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May 22, 2002 | From Associated Press
WASHINGTON -- The State Department's e-mail identity was forged by a computer virus that sent itself to law enforcement and media outlets across the country, a department official said Tuesday. Variants of the virus, called Klez, have been spreading since the late 1990s and are transmitted through e-mails and attachments. The virus sent e-mails to hundreds of computer users Saturday with the return address of the State Department's public affairs office.
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NEWS
January 27, 2002 | BOB DROGIN and JANET HOOK, TIMES STAFF WRITERS
Calling for a change in White House policy, Secretary of State Colin L. Powell has asked President Bush to ensure that international rules of war govern the treatment of 460 suspected Taliban and Al Qaeda fighters who have been captured in Afghanistan and are in U.S. custody, administration officials said Saturday. The State Department urged the president to give the 158 detainees at the U.S.
NEWS
January 12, 2002 | JOHANNA NEUMAN, TIMES STAFF WRITER
His father was an Austrian Jew who escaped the Nazi Holocaust by fleeing to Cuba. His mother was a Catholic Cuban who escaped Havana after Fidel Castro came to power. Their son, Otto Juan Reich, came to America at 14 with a personal and passionate distrust of dictatorships.
NEWS
December 19, 2001 | From Times Wire Reports
The white powder in an envelope sent to Deputy Secretary of State Richard L. Armitage was probably not anthrax, State Department spokesman Richard Boucher said. "Preliminary results indicate that the substance does not contain anthrax," Boucher said. The State Department called in the FBI when an aide to Armitage opened the envelope Monday. The envelope was mailed in Kenedy, Texas, on Oct. 29.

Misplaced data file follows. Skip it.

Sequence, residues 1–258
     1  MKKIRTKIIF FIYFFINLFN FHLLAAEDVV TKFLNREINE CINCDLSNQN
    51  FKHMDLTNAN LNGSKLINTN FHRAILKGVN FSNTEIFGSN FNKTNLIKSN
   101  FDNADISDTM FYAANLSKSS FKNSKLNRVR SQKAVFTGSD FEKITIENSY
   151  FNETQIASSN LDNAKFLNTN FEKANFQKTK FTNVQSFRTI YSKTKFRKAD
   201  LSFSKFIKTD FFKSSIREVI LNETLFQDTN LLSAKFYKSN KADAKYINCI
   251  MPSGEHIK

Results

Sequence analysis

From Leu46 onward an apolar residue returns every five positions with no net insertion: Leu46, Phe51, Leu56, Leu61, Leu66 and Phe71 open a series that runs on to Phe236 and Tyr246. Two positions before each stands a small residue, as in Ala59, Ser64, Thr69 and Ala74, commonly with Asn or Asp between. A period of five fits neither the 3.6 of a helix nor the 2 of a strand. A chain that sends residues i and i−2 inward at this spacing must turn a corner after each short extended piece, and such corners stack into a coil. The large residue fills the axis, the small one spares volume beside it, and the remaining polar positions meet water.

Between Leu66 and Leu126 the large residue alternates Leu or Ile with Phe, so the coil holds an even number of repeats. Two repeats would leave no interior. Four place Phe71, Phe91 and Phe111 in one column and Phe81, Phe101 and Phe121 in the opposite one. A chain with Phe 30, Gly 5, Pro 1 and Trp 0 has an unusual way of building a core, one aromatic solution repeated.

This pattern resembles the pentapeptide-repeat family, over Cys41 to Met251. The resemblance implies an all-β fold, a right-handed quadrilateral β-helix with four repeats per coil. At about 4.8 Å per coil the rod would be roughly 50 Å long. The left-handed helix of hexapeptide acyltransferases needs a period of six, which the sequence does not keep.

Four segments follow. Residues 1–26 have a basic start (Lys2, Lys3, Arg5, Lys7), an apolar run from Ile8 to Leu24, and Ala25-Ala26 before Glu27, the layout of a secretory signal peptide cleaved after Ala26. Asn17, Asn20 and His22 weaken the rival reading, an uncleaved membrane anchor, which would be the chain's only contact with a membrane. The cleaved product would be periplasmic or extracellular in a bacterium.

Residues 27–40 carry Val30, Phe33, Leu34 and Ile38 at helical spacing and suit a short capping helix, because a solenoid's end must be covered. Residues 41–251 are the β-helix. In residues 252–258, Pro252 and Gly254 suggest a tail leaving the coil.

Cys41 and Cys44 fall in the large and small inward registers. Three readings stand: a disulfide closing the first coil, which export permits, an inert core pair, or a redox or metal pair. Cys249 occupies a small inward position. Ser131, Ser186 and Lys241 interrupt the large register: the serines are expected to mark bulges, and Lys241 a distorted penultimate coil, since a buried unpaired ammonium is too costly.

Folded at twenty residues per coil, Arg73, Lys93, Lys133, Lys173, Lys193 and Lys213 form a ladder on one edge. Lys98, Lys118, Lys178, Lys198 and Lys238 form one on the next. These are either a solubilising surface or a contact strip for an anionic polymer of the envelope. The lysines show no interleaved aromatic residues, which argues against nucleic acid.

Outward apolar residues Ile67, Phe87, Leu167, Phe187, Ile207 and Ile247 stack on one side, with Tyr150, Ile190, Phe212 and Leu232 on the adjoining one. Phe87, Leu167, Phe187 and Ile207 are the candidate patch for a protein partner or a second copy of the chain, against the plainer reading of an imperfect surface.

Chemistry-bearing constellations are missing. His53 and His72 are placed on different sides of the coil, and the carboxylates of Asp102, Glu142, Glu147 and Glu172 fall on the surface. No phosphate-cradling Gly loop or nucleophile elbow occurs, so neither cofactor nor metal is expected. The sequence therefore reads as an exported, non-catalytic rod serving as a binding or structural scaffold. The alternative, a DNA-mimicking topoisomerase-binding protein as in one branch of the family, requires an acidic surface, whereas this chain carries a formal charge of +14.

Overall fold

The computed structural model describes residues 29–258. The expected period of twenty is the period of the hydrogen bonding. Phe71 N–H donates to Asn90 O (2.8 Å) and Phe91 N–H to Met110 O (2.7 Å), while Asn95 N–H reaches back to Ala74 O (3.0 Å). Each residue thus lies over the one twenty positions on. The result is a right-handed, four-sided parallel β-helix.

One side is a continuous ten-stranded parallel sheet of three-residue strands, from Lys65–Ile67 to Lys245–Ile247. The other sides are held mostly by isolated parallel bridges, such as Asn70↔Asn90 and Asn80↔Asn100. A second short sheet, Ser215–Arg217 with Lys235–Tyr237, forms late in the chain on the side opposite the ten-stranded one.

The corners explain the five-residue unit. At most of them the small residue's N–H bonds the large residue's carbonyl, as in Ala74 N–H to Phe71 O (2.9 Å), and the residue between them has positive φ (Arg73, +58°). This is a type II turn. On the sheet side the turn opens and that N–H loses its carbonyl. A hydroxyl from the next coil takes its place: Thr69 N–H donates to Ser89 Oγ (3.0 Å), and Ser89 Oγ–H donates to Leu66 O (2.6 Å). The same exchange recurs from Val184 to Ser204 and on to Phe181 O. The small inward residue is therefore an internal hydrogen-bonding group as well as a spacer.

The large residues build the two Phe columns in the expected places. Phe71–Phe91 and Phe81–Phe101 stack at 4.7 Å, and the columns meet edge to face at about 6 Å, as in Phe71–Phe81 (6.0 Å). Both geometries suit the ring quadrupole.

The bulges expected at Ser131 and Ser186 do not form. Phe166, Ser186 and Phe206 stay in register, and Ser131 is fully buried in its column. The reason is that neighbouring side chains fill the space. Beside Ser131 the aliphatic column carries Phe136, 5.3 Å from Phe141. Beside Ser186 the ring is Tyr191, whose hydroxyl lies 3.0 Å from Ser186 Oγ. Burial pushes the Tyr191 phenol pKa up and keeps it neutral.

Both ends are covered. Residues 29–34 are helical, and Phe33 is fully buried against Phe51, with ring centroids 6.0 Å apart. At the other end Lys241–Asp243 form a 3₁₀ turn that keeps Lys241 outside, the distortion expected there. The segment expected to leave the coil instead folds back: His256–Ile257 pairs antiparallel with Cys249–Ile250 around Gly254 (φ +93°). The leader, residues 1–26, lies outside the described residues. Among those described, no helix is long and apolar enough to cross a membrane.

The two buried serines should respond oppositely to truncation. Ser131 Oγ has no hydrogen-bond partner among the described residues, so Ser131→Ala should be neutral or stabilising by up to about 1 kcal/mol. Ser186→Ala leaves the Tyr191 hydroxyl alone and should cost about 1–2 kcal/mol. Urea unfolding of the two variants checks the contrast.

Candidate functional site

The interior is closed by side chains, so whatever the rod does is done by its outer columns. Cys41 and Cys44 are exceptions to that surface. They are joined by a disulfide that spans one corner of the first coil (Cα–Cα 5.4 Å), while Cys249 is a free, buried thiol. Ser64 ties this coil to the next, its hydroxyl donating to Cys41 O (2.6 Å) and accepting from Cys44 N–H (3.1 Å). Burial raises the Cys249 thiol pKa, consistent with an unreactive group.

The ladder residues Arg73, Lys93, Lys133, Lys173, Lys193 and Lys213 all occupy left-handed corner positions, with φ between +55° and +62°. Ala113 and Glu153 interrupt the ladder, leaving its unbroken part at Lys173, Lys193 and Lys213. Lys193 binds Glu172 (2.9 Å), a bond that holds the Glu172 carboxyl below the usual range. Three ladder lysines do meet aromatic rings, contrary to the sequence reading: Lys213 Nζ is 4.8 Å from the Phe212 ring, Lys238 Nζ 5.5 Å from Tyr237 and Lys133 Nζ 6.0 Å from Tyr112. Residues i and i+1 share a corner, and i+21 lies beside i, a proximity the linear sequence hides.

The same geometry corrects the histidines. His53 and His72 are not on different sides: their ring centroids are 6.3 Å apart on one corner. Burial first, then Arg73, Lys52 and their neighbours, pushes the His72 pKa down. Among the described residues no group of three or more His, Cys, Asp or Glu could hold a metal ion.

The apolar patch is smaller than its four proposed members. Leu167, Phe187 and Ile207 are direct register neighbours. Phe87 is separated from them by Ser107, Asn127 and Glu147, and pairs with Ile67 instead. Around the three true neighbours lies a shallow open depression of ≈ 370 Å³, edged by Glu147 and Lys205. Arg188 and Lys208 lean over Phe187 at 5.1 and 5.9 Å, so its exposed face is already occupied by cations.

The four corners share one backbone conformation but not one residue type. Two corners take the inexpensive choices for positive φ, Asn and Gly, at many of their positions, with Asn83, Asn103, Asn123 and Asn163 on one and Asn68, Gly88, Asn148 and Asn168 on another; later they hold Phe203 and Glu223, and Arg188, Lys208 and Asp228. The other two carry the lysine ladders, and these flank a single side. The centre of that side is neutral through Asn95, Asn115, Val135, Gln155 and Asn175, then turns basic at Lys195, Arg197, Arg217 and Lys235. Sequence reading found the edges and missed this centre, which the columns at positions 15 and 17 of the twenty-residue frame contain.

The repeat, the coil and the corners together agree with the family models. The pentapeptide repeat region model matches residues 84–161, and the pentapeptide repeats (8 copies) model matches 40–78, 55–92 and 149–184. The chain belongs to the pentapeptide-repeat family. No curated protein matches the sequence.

NEWS
December 14, 2001 | JOHANNA NEUMAN, TIMES STAFF WRITER
"Do you know a terrorist? . . . Now, do something about it. . . . You may be eligible for a reward." The State Department rolled out a public service advertising campaign Thursday aimed at getting Americans to be on the lookout for terrorists and turn suspects in when they spot them.
NEWS
November 30, 2001 | From a Times Staff Writer
President Bush's controversial choice of Cuban American activist Otto Reich to head the State Department's Western Hemisphere bureau is unlikely to clear the Senate Foreign Relations Committee, a committee staff member said Thursday. The committee has told the White House that approval of the nomination is not expected and that lawmakers would prefer a different nominee, the staffer said.
NEWS
November 14, 2001 | MEGAN GARVEY, TIMES STAFF WRITER
The State Department is searching its mail system for an undiscovered anthrax-laced letter after testing at an off-site mail room backed up health officials' theory that another such letter exists, a department spokesman said Tuesday. "We are now proceeding to look at all the mail that we have held up, frozen, sealed off, in mail rooms in this building, annexes and around the world," said spokesman Richard Boucher.
NEWS
October 27, 2001 | NORMAN KEMPSTER, TIMES STAFF WRITER
The Bush administration designated the Taliban rulers of Afghanistan and six other governments the world's worst persecutors of religious believers Friday, but rejected calls to include other countries that the White House views as key in the war on terrorism. Human rights groups complained that Saudi Arabia, Turkmenistan and Uzbekistan should have been added to the annual list released by the State Department.
NEWS
October 26, 2001 | EDMUND SANDERS MEGAN GARVEY and ROBIN WRIGHT, TIMES STAFF WRITERS
The circle of anthrax exposure widened significantly Thursday as health officials announced that one State Department mail worker has the inhaled form of the disease and a second employee has suspicious symptoms, even though neither man is known to have visited a contaminated postal facility or handled an anthrax-laced letter.
NEWS
June 17, 2001 | NORMAN KEMPSTER, TIMES STAFF WRITER
Refugee advocates and abortion rights groups are gearing up to fight the appointment of a veteran Vatican diplomat to head the State Department's refugee and population programs. The White House indicated last month that it was about to name John M. Klink as assistant secretary of State for population, refugees and migration. Klink, 51, is a member of the Vatican's United Nations mission and frequently represents the Holy See at international conferences.
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